• U.S. Environmental Protection Agency 1999 Protection of stratospheric ozone: Incorporation of Montreal protocol adjustment for a 1999 interim reduction in class I, group VI controlled substances Fed. Regist. 64 29240 29245

    • Search Google Scholar
    • Export Citation
  • Gilreath, J.P., Motis, T.N. & Santos, B.M. 2005a Cyperus spp. control with reduced methyl bromide plus chloropicrin doses under virtually impermeable films in pepper Crop Prot. 24 285 287

    • Crossref
    • Search Google Scholar
    • Export Citation
  • Gilreath, J.P., Motis, T.N., Santos, B.M., Noling, J.W., Locascio, S.J. & Chellemi, D.O. 2005b Resurgence of soilborne pests in double-cropped cucumber after application of methyl bromide chemical alternatives and solarization in tomato HortTechnology 15 797 801

    • Crossref
    • Search Google Scholar
    • Export Citation
  • Gilreath, J.P., Santos, B.M. & Noling, J.W. 2004a Effective rate of propylene oxide for nutsedge control 21 Mar. 2006<www.mbao.org/2004/Proceedings04/021%20GilreathJ%20Effective%20Rate%20of%20Propylene%20Oxide%20for%20Nutsedge%20Control%20%20MBAO%20%202004.pdf>

    • Search Google Scholar
    • Export Citation
  • Gilreath, J.P., Santos, B.M. & Noling, J.W. 2004b Purple nutsedge control with iodomethane 21 Mar. 2006<www.mbao.org/2004/Proceedings04/051%20GilreathJ%20Purple%20nutsedge%20control%20with%20iodomethane%20%20MBAO%20%202004.pdf>

    • Search Google Scholar
    • Export Citation
  • Jones, J.P., Gilreath, J.P. & Overman, A.J. 1995 Control of soil-borne disease of mulched tomato by fumigation Proc. Fla. State Hort. Soc. 108 201 203

    • Search Google Scholar
    • Export Citation
  • Jordan, N. 1989 A statistical analysis for area-of-influence experiments Weed Technol. 3 114 121

  • López-Aranda, J.M., Miranda, L., Soria, C., Romero, F., de los Santos, B., Montes, F., Vega, J.M., Páez, J.I., Bascón, J. & Medina, J.J. 2004 Chemical alternatives to methyl bromide for strawberry production in Huelva (Spain), 2003–04 results 21 Mar. 2006<www.mbao.org/2004/Proceedings04/041%20LopezArandaJ%20Spain%20Experiments%20Strawberry%202004%20Orlando.pdf>

    • Search Google Scholar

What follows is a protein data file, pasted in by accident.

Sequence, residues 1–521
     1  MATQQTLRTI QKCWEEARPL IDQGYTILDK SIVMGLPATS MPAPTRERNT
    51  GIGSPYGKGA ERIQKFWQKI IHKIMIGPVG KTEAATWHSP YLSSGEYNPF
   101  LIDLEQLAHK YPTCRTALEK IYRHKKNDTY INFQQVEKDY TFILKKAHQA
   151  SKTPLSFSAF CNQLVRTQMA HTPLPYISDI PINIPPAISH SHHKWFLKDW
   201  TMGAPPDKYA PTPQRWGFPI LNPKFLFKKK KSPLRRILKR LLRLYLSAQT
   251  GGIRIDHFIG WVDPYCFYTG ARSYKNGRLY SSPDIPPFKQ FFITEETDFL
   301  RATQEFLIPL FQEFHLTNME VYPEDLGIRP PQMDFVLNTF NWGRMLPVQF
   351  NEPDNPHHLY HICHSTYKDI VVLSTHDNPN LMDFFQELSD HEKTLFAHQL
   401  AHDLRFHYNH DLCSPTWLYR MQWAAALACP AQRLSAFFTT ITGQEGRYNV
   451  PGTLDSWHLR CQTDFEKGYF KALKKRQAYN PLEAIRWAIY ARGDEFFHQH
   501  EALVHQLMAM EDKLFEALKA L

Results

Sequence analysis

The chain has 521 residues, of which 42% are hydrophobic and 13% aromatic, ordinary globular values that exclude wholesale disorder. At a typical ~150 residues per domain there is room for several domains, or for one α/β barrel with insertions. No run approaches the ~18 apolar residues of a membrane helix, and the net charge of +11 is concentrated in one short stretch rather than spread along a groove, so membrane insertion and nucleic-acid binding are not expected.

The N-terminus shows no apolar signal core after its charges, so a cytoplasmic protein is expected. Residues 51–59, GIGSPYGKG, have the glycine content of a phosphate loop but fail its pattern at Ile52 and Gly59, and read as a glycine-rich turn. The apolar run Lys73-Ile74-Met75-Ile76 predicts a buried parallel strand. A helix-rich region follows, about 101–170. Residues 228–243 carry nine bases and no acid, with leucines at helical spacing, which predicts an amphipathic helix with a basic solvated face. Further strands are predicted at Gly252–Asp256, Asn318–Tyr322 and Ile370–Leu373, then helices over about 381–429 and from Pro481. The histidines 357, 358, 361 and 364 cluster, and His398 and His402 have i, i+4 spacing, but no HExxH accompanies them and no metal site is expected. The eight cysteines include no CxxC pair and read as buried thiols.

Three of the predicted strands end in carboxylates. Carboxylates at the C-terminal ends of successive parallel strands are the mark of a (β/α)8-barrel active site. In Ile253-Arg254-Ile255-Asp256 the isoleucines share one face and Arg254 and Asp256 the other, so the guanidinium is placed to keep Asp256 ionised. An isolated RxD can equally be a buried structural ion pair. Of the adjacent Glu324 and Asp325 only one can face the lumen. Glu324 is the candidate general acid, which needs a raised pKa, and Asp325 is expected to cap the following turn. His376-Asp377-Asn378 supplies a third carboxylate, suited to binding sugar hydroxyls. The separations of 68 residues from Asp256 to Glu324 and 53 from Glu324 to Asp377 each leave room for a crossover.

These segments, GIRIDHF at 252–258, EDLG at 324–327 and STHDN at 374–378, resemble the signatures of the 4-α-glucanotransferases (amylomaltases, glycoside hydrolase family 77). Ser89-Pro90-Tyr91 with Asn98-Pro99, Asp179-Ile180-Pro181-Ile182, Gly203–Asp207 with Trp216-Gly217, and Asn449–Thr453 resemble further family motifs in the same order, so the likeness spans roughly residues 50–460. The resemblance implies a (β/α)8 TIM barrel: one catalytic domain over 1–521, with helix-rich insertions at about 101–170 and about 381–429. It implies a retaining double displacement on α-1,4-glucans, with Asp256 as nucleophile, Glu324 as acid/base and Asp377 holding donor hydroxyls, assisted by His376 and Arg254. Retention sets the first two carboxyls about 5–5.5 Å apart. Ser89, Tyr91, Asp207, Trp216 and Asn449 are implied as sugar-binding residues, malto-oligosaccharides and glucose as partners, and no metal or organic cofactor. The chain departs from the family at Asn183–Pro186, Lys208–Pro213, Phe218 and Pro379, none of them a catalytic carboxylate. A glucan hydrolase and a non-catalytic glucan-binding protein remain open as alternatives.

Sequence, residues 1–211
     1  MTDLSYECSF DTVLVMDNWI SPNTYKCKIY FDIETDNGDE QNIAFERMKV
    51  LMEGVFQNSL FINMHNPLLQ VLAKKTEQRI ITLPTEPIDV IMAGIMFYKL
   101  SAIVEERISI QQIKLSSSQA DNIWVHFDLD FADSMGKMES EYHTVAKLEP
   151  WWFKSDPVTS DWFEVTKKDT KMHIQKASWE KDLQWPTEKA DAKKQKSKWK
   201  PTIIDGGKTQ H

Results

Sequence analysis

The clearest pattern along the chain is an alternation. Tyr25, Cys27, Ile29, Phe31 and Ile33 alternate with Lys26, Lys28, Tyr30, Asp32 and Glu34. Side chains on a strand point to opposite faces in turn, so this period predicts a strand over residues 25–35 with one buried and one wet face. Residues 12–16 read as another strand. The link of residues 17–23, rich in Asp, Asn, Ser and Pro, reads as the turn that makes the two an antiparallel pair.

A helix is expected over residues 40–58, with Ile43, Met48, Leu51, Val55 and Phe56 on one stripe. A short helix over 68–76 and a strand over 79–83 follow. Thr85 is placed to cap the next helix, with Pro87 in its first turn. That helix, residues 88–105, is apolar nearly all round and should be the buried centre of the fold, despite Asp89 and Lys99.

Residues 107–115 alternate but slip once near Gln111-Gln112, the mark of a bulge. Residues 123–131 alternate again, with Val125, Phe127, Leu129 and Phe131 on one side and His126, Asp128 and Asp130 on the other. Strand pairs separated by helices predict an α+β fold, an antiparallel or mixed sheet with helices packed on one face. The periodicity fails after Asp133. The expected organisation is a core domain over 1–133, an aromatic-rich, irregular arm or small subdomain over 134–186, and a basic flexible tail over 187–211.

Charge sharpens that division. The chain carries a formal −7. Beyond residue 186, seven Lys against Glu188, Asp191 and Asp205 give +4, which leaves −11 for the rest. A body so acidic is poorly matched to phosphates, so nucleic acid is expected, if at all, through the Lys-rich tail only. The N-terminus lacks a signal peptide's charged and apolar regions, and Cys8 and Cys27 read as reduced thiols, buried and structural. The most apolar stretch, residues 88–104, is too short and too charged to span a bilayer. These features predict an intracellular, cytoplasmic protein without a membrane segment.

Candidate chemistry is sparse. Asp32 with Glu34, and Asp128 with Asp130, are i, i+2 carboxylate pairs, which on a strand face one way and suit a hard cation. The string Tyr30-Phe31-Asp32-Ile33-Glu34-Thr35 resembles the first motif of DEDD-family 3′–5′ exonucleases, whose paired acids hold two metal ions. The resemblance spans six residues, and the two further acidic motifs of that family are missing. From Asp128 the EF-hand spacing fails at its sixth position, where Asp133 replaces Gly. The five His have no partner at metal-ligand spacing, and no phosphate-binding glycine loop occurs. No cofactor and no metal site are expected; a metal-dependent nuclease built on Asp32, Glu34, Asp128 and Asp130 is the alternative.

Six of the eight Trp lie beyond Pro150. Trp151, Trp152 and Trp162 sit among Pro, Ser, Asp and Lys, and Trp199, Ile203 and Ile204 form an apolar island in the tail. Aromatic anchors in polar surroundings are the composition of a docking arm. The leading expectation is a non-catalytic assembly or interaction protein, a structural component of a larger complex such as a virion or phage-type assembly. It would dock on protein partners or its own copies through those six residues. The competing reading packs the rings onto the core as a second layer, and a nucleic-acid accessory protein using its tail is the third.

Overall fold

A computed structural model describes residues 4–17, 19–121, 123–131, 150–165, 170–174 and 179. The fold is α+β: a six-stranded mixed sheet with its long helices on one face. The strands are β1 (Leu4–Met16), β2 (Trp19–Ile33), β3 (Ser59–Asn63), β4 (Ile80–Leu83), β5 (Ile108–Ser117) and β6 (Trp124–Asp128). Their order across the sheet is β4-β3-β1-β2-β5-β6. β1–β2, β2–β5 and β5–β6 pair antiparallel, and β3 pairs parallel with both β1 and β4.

• Export Citation
  • Maynard, D.N., Hochmuth, G.J., Vavrina, C.S., Stall, W.M., Kucharek, T.A., Webb, S.E., Taylor, T.G., Smith, S.A., Simonne, E.H. & Olson, S.M. 2003 Pepper production in Florida 223 232 Olson S.M. & Simonne E.H. Vegetable production guide for Florida Inst. Food and Agricultural Sciences Publ., Univ. of Florida Gainesville, Fla

    • Search Google Scholar
    • Export Citation
  • Motis, T.N., Locascio, S.J. & Gilreath, J.P. 2001 Yellow nutsedge interference effects on fruit weight of polyethylene-mulched bell pepper Proc. Fla. State. Hort. Soc. 114 268 271

    • Search Google Scholar
    • Export Citation
  • Motis, T.N., Locascio, S.J., Gilreath, J.P. & Stall, W.M. 2003 Season-long interference of yellow nutsedge (Cyperus rotundus) with polyethylene-mulched bell pepper (Capsicum annuum) Weed Technol. 17 543 549

    • Crossref
    • Search Google Scholar
    • Export Citation
  • Oliver, L.R. & Buchanan, G.A. 1986 Weed competition and economic thresholds 71 91 Camper N.D. Research methods in weed science Southern Weed Sci. Soc Champaign, Ill

    • Search Google Scholar
    • Export Citation
  • Radosevich, S.R. 1987 Methods to study interactions among crops and weeds Weed Technol. 1 190 198

  • Santos, B.M., Bewick, T.A., Stall, W.M. & Shilling, D.G. 1997a Competitive interactions of tomato (Lycopersicon esculentum) and nutsedges (Cyperus spp.) Weed Sci. 45 229 233

    • Crossref
    • Search Google Scholar
    • Export Citation
  • Santos, B.M., Dusky, J.A., Stall, W.M. & Gilreath, J.P. 2004 Effects of phosphorus fertilization on the area of influence of common lambsquarters (Chenopodium album) in lettuce Weed Technol. 18 258 262

    • Search Google Scholar
    • Export Citation
  • Santos, B.M. & Gilreath, J.P. 2004 Purple nutsedge (Cyperus rotundus) control with drip-applied metam potassium Proc. Fla. State Hort. Soc. 117 15 17

    • Search Google Scholar
    • Export Citation
  • Santos, B.M., Morales–Payan, J.P., Stall, W.M., Bewick, T.A. & Shilling, D.G. 1997b Effects of shading on the growth of nutsedges (Cyperus spp.) Weed Sci. 45 670 673

    • Search Google Scholar
    • Export Citation
  • Stall, W.M. & Gilreath, J.P. 2002 Weed control in pepper 39 42 Stall W.M. Weed management in Florida fruits and vegetables, 2002–2003 Inst. Food and Agricultural Sciences Publ., Univ. of Florida Gainesville, Fla

    • Search Google Scholar
    • Export Citation
  • U.S. Department of Agriculture 2007 Vegetables: 2006 summary 22 Jan. 2007<http://usda.mannlib.cornell.edu/usda/current/VegeSumm/VegeSumm-01-26-2007.pdf>

    • Search Google Scholar
    • Export Citation
  • U.S. Environmental Protection Agency 1999 Protection of stratospheric ozone: Incorporation of Montreal protocol adjustment for a 1999 interim reduction in class I, group VI controlled substances Fed. Regist. 64 29240 29245

    • Search Google Scholar
    • Export Citation
Bielinski M. Santos Gulf Coast Research and Education Center, University of Florida, Wimauma, FL 33598

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James P. Gilreath Gulf Coast Research and Education Center, University of Florida, Wimauma, FL 33598

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Camille E. Esmel Gulf Coast Research and Education Center, University of Florida, Wimauma, FL 33598

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Myriam N. Siham Gulf Coast Research and Education Center, University of Florida, Wimauma, FL 33598

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Contributor Notes

Assistant Professor of Horticulture.

Former Professor of Weed Science.

Research Assistant.

Corresponding author. E-mail: bmsantos@ufl.edu.